Welcome to the Society of Africanist Archaeologists Website!

The Society of Africanist Archaeologists is an organization of archaeologists, researchers from associated disciplines and others who share an interest in African archaeology and African societies. Our membership is international, with participation from Africa, the Americas, Europe and Asia, and is actively involved in research in many African countries. Our website includes an area for "digital subscribers" to our bulletin, Nyame Akuma, enhanced access to back issues of the bulletin, and quicklinks to journal webpages and other websites of interest. We welcome your feedback. You can contact us here.

Update Your Profile 

You can update your SAfA member profile and change your subscription password,  Log in to your member profile here.

For the new Editorial Policy for Nyame Akuma, see the link under the "Nyame Akuma Bulletin" tab above.  

For the new Sexual Harassment Policy, see the amended SAfA Code of Ethics available as a Quicklink at the bottom right on this page.


SAfA: 18-21 June, 2018 

SAfA's organizing committee is delighted to announce that the 24th biennial SAfA conference will take place 18-21 June, 2018 in Toronto, Canada. Full information is presented on the conference website:  



Please send inquiries about the conference directly to the SAfA 2018 Organizing Committee at

Graduate Travel Application - download here - due March 30

We anticipate a wonderful conference in Toronto!


Panafrican Association 2018: 10-14 September, 2018, Rabat, Morocco.  

PAA conference website

Second circular and thematic sessions approved so far are available at these links:

Panaf 2018 2nd circular - call for papers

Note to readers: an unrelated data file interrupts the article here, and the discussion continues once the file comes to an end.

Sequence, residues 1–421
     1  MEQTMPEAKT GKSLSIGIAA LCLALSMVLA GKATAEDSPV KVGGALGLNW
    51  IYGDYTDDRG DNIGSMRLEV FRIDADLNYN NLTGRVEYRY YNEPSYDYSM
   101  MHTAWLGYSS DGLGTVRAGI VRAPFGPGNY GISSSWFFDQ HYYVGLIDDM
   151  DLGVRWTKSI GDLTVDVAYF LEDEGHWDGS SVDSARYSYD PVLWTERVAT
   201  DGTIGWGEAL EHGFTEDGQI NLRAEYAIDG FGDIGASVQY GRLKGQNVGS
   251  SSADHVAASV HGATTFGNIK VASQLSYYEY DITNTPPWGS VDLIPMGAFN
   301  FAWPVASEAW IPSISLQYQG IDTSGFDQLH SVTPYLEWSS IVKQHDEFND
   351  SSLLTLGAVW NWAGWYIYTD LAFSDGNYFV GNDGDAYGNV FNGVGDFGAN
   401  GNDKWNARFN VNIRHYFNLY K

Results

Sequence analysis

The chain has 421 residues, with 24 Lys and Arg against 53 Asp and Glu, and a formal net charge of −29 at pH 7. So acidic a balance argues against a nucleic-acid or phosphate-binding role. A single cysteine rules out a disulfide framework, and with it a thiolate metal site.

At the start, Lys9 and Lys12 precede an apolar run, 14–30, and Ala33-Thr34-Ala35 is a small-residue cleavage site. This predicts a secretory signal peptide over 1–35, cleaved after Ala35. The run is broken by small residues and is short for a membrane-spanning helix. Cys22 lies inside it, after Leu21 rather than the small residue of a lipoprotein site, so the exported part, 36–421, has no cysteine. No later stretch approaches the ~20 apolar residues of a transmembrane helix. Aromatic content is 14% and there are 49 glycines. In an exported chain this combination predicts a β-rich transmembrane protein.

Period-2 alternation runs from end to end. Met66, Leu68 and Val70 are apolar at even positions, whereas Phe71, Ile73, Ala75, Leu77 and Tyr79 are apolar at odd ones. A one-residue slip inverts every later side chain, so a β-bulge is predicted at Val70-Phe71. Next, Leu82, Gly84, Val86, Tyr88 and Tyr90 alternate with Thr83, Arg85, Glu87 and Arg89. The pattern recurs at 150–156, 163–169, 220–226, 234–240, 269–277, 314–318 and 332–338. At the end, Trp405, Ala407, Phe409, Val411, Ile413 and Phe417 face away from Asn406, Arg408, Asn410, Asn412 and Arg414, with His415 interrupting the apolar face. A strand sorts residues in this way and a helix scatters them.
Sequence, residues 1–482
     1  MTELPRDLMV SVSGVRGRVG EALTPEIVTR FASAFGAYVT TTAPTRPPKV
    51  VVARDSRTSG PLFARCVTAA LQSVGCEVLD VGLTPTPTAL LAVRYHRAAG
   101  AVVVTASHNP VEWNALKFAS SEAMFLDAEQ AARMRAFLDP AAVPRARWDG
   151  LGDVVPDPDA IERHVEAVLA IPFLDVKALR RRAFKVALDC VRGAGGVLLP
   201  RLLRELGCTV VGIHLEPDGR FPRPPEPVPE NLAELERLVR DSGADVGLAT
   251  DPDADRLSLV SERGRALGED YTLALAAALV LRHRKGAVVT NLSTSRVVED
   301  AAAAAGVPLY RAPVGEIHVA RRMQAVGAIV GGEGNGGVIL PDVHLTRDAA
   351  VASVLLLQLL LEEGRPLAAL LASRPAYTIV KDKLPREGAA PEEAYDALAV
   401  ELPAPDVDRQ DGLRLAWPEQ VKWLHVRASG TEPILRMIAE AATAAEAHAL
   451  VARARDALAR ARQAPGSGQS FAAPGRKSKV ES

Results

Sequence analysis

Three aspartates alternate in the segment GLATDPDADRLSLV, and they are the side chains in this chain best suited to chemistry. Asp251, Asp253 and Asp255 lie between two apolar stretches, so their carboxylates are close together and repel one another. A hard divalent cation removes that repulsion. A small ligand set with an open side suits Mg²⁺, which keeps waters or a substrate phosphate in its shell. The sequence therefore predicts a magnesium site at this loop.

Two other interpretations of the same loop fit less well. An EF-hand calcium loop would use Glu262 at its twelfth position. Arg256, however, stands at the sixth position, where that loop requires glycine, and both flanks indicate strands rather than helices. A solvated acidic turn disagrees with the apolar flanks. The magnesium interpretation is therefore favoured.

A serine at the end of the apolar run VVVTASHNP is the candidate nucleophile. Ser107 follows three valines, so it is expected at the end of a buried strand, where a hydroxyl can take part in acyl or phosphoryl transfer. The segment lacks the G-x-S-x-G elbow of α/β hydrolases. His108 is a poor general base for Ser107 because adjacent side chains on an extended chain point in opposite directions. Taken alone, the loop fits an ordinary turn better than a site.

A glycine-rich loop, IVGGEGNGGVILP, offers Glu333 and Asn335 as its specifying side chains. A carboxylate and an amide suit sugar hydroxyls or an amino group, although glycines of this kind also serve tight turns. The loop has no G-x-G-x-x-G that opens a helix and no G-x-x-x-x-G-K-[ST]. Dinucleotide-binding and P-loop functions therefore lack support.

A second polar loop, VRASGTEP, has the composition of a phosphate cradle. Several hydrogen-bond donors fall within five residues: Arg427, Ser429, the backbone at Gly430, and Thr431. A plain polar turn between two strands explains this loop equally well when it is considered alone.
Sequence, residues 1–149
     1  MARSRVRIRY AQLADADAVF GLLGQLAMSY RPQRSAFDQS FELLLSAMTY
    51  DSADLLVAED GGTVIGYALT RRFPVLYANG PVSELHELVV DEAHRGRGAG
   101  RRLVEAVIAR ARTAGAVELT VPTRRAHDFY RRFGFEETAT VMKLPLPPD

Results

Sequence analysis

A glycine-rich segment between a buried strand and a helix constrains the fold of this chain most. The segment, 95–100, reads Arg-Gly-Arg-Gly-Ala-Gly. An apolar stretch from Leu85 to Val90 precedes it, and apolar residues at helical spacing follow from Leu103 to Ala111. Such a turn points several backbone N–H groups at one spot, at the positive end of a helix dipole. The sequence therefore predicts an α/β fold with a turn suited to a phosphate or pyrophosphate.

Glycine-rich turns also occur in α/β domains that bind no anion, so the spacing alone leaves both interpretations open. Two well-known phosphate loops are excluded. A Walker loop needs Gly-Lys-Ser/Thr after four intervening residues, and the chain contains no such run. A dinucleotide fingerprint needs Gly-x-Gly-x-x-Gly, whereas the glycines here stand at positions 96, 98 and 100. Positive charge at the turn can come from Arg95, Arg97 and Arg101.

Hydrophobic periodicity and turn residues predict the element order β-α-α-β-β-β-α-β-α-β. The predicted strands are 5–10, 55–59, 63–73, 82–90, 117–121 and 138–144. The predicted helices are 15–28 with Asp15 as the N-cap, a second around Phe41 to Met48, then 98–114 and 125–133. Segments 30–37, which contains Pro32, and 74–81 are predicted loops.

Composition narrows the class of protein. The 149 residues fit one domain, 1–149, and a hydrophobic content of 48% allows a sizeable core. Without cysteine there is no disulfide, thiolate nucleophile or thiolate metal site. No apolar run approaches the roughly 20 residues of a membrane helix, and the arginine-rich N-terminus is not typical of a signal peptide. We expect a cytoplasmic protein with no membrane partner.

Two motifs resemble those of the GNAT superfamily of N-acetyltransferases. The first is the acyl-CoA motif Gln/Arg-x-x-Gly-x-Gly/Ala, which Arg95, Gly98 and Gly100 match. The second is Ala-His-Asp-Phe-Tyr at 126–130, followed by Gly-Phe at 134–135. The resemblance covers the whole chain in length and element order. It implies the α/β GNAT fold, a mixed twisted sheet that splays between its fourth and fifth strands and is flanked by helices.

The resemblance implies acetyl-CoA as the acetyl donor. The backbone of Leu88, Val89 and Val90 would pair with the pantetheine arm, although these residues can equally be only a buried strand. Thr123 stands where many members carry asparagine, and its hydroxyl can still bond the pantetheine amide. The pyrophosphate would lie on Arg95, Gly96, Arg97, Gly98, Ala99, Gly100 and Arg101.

Panaf 2018 2eme circulaire

Panaf 2018 Thematic sessions


Previous (2016) SAfA Conference

SAfA 2016 Toulouse information is now archived  on the SAfA webpage - click the tab "About SAfA" and scroll down to the list of biennial meetings to find the link.

2016 SAfA Book Prize
Alfredo González Ruibal, 2014, An Archaeology of Resistance: Materiality and Time in an African Borderland.  Rowman and Littlefield Publishers.

This work studies the tactics of resistance deployed by a variety of indigenous communities in the borderland between Sudan and Ethiopia. The Horn of Africa is an early area of state formation and at the same time the home of many egalitarian, small scale societies, which have lived in the buffer zone between states for the last three thousand years. For this reason, resistance is not something added to their sociopolitical structures: it is an inherent part of those structures-a mode of being. The main objective of the work is to understand the diverse forms of resistance that characterizes the borderland groups, with an emphasis on two essentially archaeological themes, materiality and time, by combining archaeological, political and social theory, ethnographic methods and historical data to examine different processes of resistance in the long term (text from

2016 Prize for Outstanding Student Presentation:

Mareike Brenner, Artifact distributions and intra-site spatial analysis of the Sibudan layers at the MSA site of Sibudu, KwaZulu-Natal, South Africa